COMPARATIVE STUDY
JOURNAL ARTICLE
RANDOMIZED CONTROLLED TRIAL

Intra-oral remineralization of enamel with a MFP/DCPD and MFP/silica dentifrice using surface microhardness

Y P Zhang, C S Din, S Miller, S A Nathoo, A Gaffar
Journal of Clinical Dentistry 1995, 6 (2): 148-53
8624227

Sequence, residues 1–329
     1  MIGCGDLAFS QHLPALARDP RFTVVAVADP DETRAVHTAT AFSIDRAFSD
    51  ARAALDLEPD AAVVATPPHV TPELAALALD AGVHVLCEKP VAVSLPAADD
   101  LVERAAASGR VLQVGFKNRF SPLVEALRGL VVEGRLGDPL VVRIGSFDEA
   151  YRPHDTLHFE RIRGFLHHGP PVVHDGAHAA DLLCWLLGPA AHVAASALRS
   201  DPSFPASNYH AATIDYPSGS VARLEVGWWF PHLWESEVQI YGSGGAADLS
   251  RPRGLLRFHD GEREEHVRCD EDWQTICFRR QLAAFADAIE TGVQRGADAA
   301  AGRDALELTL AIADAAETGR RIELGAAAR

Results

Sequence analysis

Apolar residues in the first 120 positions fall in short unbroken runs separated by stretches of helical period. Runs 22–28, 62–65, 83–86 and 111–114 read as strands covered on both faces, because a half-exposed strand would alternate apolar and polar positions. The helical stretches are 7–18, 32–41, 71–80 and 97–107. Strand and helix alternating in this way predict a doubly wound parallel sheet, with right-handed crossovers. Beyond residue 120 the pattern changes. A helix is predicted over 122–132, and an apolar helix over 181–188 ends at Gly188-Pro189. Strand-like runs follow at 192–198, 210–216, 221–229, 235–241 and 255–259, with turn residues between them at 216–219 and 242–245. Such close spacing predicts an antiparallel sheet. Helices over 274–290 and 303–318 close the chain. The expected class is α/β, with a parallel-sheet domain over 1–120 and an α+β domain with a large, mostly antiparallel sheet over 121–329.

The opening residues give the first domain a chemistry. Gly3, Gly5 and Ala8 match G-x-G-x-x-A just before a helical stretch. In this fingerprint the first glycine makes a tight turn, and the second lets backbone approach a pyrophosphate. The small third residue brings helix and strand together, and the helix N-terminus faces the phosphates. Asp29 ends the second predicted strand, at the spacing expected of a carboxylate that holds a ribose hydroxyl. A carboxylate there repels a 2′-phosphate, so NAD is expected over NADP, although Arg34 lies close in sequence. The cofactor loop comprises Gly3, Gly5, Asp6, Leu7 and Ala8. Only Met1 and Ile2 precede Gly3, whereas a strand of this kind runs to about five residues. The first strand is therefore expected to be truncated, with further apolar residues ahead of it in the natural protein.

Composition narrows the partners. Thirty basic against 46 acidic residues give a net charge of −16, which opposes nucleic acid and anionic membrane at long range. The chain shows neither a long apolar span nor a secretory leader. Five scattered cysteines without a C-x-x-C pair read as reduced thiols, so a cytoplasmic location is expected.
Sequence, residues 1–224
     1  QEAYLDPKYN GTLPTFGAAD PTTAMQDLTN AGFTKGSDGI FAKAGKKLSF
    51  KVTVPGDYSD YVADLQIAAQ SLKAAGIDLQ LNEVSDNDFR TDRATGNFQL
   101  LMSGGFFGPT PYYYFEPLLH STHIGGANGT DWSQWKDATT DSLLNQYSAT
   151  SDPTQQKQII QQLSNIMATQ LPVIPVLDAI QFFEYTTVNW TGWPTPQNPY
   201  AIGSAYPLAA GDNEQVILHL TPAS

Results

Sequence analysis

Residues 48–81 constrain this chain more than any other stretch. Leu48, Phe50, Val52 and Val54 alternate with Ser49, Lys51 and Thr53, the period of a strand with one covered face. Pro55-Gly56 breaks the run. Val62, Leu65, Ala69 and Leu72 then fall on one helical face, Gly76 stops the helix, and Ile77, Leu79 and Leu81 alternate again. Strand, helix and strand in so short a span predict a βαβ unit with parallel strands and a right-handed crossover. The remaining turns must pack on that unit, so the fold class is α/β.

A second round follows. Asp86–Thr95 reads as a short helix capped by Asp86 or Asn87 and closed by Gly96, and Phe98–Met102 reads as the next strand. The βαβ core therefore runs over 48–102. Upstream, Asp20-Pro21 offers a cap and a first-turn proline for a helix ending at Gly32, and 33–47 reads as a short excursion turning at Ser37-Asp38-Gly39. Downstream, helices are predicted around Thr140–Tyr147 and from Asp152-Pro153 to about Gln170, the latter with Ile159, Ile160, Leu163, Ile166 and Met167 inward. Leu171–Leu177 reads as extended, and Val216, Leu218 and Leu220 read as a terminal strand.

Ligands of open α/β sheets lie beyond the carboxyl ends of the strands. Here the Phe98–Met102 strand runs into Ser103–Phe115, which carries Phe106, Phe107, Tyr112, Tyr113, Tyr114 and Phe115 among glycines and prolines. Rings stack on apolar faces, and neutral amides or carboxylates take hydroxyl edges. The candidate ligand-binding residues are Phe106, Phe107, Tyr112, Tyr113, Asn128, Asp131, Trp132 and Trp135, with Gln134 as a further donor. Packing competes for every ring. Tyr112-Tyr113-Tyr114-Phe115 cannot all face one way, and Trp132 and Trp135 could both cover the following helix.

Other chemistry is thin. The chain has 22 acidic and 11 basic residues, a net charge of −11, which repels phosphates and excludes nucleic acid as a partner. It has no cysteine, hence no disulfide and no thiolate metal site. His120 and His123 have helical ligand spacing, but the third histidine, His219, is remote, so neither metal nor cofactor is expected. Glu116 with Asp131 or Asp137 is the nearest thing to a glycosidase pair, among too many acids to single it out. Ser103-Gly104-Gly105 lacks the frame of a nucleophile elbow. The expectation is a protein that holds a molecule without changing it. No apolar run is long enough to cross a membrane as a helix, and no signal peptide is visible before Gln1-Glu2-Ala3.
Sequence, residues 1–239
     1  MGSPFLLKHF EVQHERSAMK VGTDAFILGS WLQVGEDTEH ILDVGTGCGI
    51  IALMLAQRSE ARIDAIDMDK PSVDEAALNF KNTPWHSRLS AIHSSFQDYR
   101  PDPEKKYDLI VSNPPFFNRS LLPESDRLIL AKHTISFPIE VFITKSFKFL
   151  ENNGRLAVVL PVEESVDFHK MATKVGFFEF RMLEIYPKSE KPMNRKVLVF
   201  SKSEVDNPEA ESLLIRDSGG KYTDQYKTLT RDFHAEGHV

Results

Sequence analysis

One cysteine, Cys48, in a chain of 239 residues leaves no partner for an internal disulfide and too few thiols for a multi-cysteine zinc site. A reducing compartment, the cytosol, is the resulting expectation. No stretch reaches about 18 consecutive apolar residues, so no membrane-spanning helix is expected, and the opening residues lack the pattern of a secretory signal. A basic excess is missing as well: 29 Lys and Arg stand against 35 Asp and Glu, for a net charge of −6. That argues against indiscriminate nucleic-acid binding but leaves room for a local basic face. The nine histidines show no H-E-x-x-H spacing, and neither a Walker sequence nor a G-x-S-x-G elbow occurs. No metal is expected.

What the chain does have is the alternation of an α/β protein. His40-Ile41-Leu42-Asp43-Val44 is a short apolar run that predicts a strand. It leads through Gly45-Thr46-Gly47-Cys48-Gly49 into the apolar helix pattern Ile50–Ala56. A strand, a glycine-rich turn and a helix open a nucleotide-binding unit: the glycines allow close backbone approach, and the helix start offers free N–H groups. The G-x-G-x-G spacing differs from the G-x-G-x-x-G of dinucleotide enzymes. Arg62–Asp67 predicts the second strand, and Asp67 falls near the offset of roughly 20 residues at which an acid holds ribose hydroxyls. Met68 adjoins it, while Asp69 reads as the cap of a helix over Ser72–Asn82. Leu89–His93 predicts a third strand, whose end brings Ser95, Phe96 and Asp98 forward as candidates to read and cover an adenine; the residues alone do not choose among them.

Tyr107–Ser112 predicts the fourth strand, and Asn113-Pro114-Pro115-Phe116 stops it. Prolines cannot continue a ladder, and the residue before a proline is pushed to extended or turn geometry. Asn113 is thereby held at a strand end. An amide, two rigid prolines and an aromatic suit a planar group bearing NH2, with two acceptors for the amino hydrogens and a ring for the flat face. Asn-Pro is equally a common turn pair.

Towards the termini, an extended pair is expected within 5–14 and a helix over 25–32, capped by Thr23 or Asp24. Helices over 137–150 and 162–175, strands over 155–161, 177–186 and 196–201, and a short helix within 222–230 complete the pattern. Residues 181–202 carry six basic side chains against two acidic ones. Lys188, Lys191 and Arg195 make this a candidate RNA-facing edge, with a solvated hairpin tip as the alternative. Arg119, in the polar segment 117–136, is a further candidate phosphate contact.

The present study was undertaken to ascertain the effect of dicalcium phosphate dihydrate (DCPD) abrasive in a dentifrice on the remineralizaton of enamel using a surface microhardness technique. The method of assessing enamel remineralization via surface microhardness (SMH) was validated in a randomized, crossover, double-blind, intra-oral remineralization study conducted with 12 healthy adults. Enamel demineralization was achieved in vitro by covering bovine enamel blocks with exogenous oral bacteria, S. Mutans 1600 Ingbritt, containing glucan which was then exposed to sucrose. In the intra-oral treatment phase, subjects were fitted with oral maxillary palatal retainers, each holding four demineralized enamel blocks. Subjects brushed their teeth for 30 seconds with a test dentifrice, swished for an additional 60 seconds, rinsed with water and then retained the blocks intra-orally for 4 hours. Percent mineral recovery for each enamel block was calculated as the ratio of the changes in enamel microhardness due to treatment (remin) and sucrose challenge (demin). Treatments included DCPD-based dentifrices containing 0, 250 and 1000 ppm fluoride (F) from sodium monofluorophosphate (MFP). Using SMH, respective mean percent mineral recoveries of 5.7, 18.7 and 41.4% were obtained. All ADA criteria for model validation were fulfilled. This same model was then used to compare the remineralization effects of a silica placebo, DCPD placebo, 1000 ppm F MFP/silica and 1000 ppm F MFP/DCPD dentifrice. Mean percent mineral recoveries of -0.9, 24.1, 30.2 and 55.7% were obtained, respectively. The MFP/DCPD dentifrice was superior to MFP/silica (<0.01) with use of the MFP/DCPD dentifrice when compared to MFP/silica or the silica placebo. These results indicate that more active calcium and a higher degree of saturation (DS(EN)) with respect to enamel exists for an extended period of time after use of a MFP/DCPD dentifrice. Since an elevation in DS(EN) is considered a major parameter controlling the extent of enamel remineralization, this finding may partly explain the superior remineralization of enamel observed with the MFP/DCPD dentifrice. The significant increases in calcium activity and intra-oral enamel remineralization by the DCPD-based dentifrice are consistent with earlier findings that a DCPD abrasive provides added benefit for enamel remineralization.

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